Released: June 1st 2013
Series: Copper Legacy #1
“…it’s been a long time since I have read a decent fantasy romance novel; sadly it seems that I must continue to seek one out as this definitely didn’t qualify”
~ Under the Covers
I was so ready to like this book, the idea behind it really intrigued me, sadly it didn’t live up to my expectations. In any way. What if there were magical and non-magical people, and what if they went to war? And even more shockingly, what if the non-magical people won? That is the idea that Copper Girl is based on. Sara is born into a legendary and magic-rich family; however, in the present climate, that brings nothing but danger and trouble, so Sara blends in. That is, until she accidentally summons an elf prince into her bed…
Like I said, I really wanted to like this, it’s been a long time since I have read a decent fantasy romance novel; sadly it seems that I must continue to seek one out as this definitely didn’t qualify. The writing was juvenile, the romance was at best bizarre, at worst the daydreams of a fifteen year old girl who doesn’t quite understand sex and romance yet and the story, although in the blurb sounded good, in the actual book was clumsy and never seemed to quite materialise.
Lets tackle the romance first. We meet Micah, her elven prince almost immediately and their attraction is immediate as well; I am a veteran of fated-to-be-mated kind of books, so that doesn’t bother me. But the chemistry between them is poorly explained and not really explored, you’re just told. Then there’s Sara’s simplistic acceptance of his sudden appearance in her life and it strikes me not as someone succumbing to their deep and overwhelming connection to their mate, but as someone following along as they don’t the intelligence to do anything else.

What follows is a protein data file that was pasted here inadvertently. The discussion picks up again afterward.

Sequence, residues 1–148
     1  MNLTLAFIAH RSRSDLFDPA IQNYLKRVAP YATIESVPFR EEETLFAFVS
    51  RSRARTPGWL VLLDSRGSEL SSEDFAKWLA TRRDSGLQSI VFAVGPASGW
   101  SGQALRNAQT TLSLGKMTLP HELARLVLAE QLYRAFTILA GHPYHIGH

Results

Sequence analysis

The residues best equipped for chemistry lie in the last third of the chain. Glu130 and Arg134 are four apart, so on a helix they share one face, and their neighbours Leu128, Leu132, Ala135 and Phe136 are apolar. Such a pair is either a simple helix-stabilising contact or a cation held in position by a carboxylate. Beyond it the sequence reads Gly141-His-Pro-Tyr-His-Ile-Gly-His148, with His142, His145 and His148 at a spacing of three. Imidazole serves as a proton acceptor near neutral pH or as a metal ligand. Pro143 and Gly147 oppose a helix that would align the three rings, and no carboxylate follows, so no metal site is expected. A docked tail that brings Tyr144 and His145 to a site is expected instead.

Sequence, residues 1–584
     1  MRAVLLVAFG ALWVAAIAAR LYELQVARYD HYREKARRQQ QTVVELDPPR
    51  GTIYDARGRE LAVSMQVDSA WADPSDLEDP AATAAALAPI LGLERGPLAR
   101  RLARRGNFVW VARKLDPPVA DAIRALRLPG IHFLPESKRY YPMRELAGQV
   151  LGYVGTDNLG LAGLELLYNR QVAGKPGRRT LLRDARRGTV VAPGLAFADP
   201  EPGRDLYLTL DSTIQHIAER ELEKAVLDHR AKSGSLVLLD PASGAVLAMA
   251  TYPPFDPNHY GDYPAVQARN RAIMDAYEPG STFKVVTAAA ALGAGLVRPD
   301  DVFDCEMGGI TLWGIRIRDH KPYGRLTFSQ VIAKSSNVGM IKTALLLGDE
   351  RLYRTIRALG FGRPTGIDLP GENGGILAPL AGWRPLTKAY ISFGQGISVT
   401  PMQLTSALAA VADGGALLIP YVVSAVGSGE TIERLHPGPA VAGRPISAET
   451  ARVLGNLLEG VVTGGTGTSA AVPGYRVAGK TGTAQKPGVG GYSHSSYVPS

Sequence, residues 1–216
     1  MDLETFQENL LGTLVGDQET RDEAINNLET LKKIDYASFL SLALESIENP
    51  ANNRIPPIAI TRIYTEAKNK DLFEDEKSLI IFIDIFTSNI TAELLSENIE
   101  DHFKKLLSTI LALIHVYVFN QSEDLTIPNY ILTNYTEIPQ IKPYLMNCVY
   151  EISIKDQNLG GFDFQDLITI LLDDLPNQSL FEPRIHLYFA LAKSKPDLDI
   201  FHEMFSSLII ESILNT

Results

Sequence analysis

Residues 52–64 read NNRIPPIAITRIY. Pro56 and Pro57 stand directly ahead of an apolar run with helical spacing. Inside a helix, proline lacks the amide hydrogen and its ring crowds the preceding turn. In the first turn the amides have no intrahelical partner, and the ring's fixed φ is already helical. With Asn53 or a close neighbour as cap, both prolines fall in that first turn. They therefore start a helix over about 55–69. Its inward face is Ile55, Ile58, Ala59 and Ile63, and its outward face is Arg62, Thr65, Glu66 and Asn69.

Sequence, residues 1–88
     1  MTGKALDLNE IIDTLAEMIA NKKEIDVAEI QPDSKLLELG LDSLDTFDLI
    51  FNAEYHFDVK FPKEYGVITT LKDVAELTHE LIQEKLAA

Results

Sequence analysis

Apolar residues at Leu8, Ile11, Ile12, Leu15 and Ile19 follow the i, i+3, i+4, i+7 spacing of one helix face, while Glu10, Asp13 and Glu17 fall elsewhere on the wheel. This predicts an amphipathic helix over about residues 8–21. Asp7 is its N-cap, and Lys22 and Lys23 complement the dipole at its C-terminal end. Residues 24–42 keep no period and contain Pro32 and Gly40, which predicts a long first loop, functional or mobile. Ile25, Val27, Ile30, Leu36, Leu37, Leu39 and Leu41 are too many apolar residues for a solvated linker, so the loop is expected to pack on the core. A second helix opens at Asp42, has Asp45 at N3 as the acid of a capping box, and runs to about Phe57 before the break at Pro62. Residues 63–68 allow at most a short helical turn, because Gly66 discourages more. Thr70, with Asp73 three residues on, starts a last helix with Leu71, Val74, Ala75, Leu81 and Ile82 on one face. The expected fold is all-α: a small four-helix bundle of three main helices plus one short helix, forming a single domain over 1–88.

Now, on to the story telling and the writing, I know this sounds insulting, but this reads like some coursework I did for my English Lit GCSEs when I was 15. The narrative jumps backwards into the past randomly throughout the book (sometimes italicised, sometimes not) the story was simple, with no depth to it; you were either “bad” or “good” with all us muggles (sorry Harry Potter, I’m stealing your nouns) being lumped in with the bad. Ultimately, it was predictable, boring and I really struggled to read it.
It was such a shame, as I liked the premise; however, Jennifer Allis Provost didn’t have the skill to pull it off with any kind of depth of characters or story. I won’t be continuing this series, nor would I ever recommend anyone read this book.
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